Whether you need to decide between candidates or evaluate a candidate’s interview, a hiring scorecard is a perfect tool to keep track of and measure different key performance indicators (KPIs) of your hiring process.
We have the perfect hiring scorecard template to facilitate your interviews and choose the right candidate efficiently. But first, we will guide you through the wonders of scorecards and show you step-by-step how a hiring scorecard can make your life easier!
- Hiring, interviewing, and scorecards
- Benefits of a scorecard
- What should be on a scorecard
- How to implement a scorecard
Hiring, interviewing, and scorecards
Let’s start from the beginning. So what is a scorecard? A scorecard is a tool that measures and tracks the performance of your business, team, or candidate against a set of predefined goals or targets.
A scorecard has many types and uses depending on the industry you are working in. In the case of HR, the two most used scorecards are the hiring/interview scorecard and the HR scorecard.
In the case of HR scorecards, it is used to help manage and improve the strategic role of the HR team. Furthermore, it does not only keep track of HR metrics but helps predict the future growth of your business and plan for better HR results (check out our scorecard glossary to learn more about HR scorecards!).
On the other hand, an interview/hiring scorecard is a tool that helps evaluate a candidate’s qualifications for a position. It ensures that your business considers candidates fairly and consistently and that candidates get rated using an objective measurement tool.
It is an excellent method to get the best hire out of the talent pool and improve your interview process.
Benefits of scorecards
Using an interview scorecard, HR or Hiring Managers can assess the candidate’s performance within a concise and structured framework throughout the business and company culture. Below are some benefits hiring scorecards can bring to you and your team:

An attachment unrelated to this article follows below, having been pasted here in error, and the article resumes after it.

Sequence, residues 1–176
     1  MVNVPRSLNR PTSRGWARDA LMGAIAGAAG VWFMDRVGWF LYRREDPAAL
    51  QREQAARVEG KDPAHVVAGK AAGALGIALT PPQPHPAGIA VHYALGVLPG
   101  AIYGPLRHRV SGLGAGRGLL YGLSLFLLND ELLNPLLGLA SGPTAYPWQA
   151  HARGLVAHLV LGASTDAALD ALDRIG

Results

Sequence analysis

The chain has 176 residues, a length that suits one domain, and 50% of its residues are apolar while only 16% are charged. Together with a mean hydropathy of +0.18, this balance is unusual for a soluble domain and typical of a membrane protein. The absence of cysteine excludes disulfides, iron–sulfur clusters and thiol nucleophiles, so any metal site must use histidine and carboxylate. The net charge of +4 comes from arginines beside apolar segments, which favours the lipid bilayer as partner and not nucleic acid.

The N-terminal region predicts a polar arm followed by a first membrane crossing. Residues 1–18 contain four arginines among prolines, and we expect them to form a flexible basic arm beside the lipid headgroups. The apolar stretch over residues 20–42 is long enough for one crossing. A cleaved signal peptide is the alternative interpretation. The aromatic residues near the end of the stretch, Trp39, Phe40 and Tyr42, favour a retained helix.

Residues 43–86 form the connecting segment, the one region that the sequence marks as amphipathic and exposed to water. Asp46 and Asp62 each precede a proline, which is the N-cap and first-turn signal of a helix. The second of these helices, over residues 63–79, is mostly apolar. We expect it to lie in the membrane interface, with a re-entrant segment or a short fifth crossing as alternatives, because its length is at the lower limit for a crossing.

Improved focus and alignment
Hiring scorecards help organisations focus on key performance areas and align their efforts towards specific goals. Furthermore, it saves time and conflicts when choosing the best candidate.
Due to this improved focus and alignment, your HR team can more easily focus on important tasks like creating the perfect job ad (check out our guide on how to write a good job ad for tips!) or creating pre-screening questions.
Enhanced visibility and fairness
Hiring scorecards provide a clear and consistent summary of key performance indicators and questions, making it easier for managers and teams to understand how you decide on candidates and evaluate them. This can increase transparency, accountability, and employee engagement.
Hiring scorecards provide a clear and objective view of what type of employee the company is looking for. Hiring scorecards help you define the requirements for the open job position and assess candidates’ responses more concisely.
It helps you think through your requirements and choose the right few important ones.
The hiring scorecard takes the guesswork out of figuring out who’s responsible for what candidate or interview and gets the whole team working together. Additionally, this can be used to communicate interview information to a wide range of teams and managers.
Stops bias and judgement
Hiring scorecards hold individuals and teams accountable for their decisions. Interviewers cannot make a decision based on the impression of a candidate (which could be biased and difficult to justify). It encourages the interviewer to assess candidates on effective criteria, and separate each candidate with their different answers.
Well, now that we’ve talked about the wonders hiring scorecards can bring to your business, you’re probably asking yourself:
What should be on an interview scorecard?
As mentioned before, a scorecard is a perfect tool to track and measure the effectiveness of your interview process and facilitate choosing the perfect candidate. To improve the hiring process, you can use an interview scorecard and choose your top candidates efficiently.